Pearl Jam Wraps Up First Leg of Dark Matter Tour with Unique Sets

Despite coming out of the Grunge Era, Pearl Jam sure know how to instill both the elements of punk rock with those of how the Grateful Dead used to approach shows.

They're punk not in sound or style, but ethos. Many of the traditional ways of doing a rock tour are often thrown out the window with the Seattle veterans hit the road. One of them is: you have no idea what they're going to play.

Which is a trait The Dead mastered.

Poster art by Arian Buhler

Pearl Jam are touring with a hot new album that is clearly popular, solid, and road-ready. While some bands dole out sample-sized tastes of the new material, PJ seems to love Dark Matter and have been performing good chunks of it on the first leg of their world tour.

Their first show, for example, on May 4 contained 9 songs off the new LP, which accounted for 36% of the set. So more than every third song was a new jam, so to speak.

That show was special because to make room for newbies like "Upper Hand," and "Won't Tell" (which got their live debuts that night in Vancouver, British Columbia, Canada), the band didn't play their most-performed song "Even Flow," or others in their top 10 most-played like "Porch" "Jeremy" or "Better Man."

Which is ballsy, risky, and yes, punk rock.

It's also something the Dead never seemed to worry about.

Play the songs that are going to rock live at that venue on that night in that set seemed to be the blueprint.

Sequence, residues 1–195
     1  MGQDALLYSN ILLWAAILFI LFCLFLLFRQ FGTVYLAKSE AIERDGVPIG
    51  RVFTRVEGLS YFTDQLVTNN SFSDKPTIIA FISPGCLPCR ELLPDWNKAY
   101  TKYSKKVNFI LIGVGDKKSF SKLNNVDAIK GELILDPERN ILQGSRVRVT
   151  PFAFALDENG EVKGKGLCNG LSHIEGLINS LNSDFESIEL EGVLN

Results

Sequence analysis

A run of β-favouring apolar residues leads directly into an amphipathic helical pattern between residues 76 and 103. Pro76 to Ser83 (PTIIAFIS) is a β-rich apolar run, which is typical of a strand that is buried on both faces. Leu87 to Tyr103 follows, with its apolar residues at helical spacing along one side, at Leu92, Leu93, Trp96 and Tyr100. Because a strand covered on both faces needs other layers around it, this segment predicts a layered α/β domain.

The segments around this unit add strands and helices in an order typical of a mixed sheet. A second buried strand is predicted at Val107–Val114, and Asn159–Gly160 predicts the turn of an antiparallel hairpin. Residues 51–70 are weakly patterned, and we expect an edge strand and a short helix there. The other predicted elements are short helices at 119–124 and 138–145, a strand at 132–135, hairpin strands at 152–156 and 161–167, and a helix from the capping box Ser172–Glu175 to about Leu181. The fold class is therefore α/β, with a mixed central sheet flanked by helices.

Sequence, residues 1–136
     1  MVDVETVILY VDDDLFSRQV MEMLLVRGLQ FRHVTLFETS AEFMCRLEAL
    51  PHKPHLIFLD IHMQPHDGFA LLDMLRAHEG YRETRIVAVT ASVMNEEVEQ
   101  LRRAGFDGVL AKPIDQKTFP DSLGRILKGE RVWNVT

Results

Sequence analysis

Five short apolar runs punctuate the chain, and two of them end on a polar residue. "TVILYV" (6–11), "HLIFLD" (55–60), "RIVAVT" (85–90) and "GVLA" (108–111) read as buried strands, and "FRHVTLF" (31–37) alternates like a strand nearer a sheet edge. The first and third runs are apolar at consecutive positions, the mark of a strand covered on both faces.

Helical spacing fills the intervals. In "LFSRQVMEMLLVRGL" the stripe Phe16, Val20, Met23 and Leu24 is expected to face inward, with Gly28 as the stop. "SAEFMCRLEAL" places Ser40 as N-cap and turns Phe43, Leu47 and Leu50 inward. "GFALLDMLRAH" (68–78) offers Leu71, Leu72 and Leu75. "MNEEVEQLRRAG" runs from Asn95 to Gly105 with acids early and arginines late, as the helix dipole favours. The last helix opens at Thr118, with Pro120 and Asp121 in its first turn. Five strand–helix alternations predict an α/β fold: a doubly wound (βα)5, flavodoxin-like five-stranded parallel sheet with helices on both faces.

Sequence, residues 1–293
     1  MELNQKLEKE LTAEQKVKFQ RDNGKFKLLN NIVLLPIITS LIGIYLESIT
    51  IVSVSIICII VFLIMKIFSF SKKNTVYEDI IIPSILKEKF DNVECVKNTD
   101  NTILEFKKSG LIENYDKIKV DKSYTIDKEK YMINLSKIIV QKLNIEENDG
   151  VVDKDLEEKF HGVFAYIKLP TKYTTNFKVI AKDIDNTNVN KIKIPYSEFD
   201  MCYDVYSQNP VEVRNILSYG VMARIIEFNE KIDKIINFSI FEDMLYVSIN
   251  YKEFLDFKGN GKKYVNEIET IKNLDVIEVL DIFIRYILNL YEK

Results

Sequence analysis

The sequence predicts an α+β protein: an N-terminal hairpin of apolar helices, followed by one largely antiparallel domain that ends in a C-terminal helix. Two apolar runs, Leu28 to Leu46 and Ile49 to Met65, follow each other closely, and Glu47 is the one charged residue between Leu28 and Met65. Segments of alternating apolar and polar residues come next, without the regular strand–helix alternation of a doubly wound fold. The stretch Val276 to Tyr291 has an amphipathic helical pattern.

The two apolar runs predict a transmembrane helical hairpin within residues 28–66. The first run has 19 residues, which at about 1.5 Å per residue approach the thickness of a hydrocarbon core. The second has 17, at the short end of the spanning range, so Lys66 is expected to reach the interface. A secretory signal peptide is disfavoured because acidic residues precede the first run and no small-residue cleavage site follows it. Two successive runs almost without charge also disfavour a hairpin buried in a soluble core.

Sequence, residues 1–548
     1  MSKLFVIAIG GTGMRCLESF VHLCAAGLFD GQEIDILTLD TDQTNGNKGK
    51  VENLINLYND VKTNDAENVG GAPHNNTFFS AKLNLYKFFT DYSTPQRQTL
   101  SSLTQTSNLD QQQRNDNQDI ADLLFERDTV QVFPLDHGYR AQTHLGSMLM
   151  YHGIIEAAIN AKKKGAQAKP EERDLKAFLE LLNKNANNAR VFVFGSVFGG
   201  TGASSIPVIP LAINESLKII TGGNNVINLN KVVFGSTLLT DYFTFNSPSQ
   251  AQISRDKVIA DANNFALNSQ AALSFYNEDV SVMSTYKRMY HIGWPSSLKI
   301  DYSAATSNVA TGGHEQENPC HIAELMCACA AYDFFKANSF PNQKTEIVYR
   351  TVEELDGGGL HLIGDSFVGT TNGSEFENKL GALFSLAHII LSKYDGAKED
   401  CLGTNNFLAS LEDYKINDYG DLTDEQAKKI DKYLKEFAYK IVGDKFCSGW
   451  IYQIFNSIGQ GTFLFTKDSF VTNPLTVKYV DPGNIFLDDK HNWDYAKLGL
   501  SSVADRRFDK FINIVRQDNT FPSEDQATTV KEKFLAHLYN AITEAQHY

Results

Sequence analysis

Of the 11 shows they did in May, only four songs found their way in the set every show, and only one was a classic, "Alive." The other three were all from Dark Matter: "React, Respond," "Wreckage," and the title track.

There were a trio of songs that got 10 plays out of the 11 shows, and those three were also from the new album that hit #1 on five different Billboard charts.

The Victoria Williams cover "Crazy Mary" is always nice to hear, but in order to keep things fresh, PJ is taking it easy with it and some of their other hits.

PJ is mixing it up so much, staples like "Daughter" only made to six sets, "Better Man" only appeared in three shows, and even covers like "Baba O'Reilly" and "Crazy Mary" have only been played twice.

They also played 50 songs just one time in the 11 shows. Including "Man of the Hour" as a tribute to basketball star and music lover, Bill Walton.

As a tribute to Bill Walton, Pearl Jam played

Am I alone in thinking this is the way it should be? By now fans aren't just getting into Pearl Jam are they?

This band has been together for 34 years. There's an excellent chance that most in the audiences that will greet them along the next legs of this tour would have seen them at least once or twice, and I'd bet many in the crowd have seen them multiple times.

Eddie has covered the NIN classic 5 times solo, but yesterday in Seattle was the first time he's ever done it at a PJ show.

Reward them with new memories, which includes new tunes, particularly nowadays when Pearl Jam's brand of rock music is fading away either through the tragic deaths of their peers or because it's just harder than ever to be a rock band these days.

Also when you have a dozen albums and you lean that hard into your new one, you're expressing confidence in where you are today instead of reaching back to where you were when you had long hair and climbed speaker towers and jumped off balconies.

Jeremy did not speak in class today, he spoke in class last century.

There will be plenty of time, God willing, to become a nostalgia act, until then good for Pearl Jam for insisting their story is still being written.

Watch it unfold live, be it in European arenas or American baseball stadiums this summer. Tickets available on the Pearl Jam website.

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Last updated: 12 Jul 2024, 23:49 Etc/UTC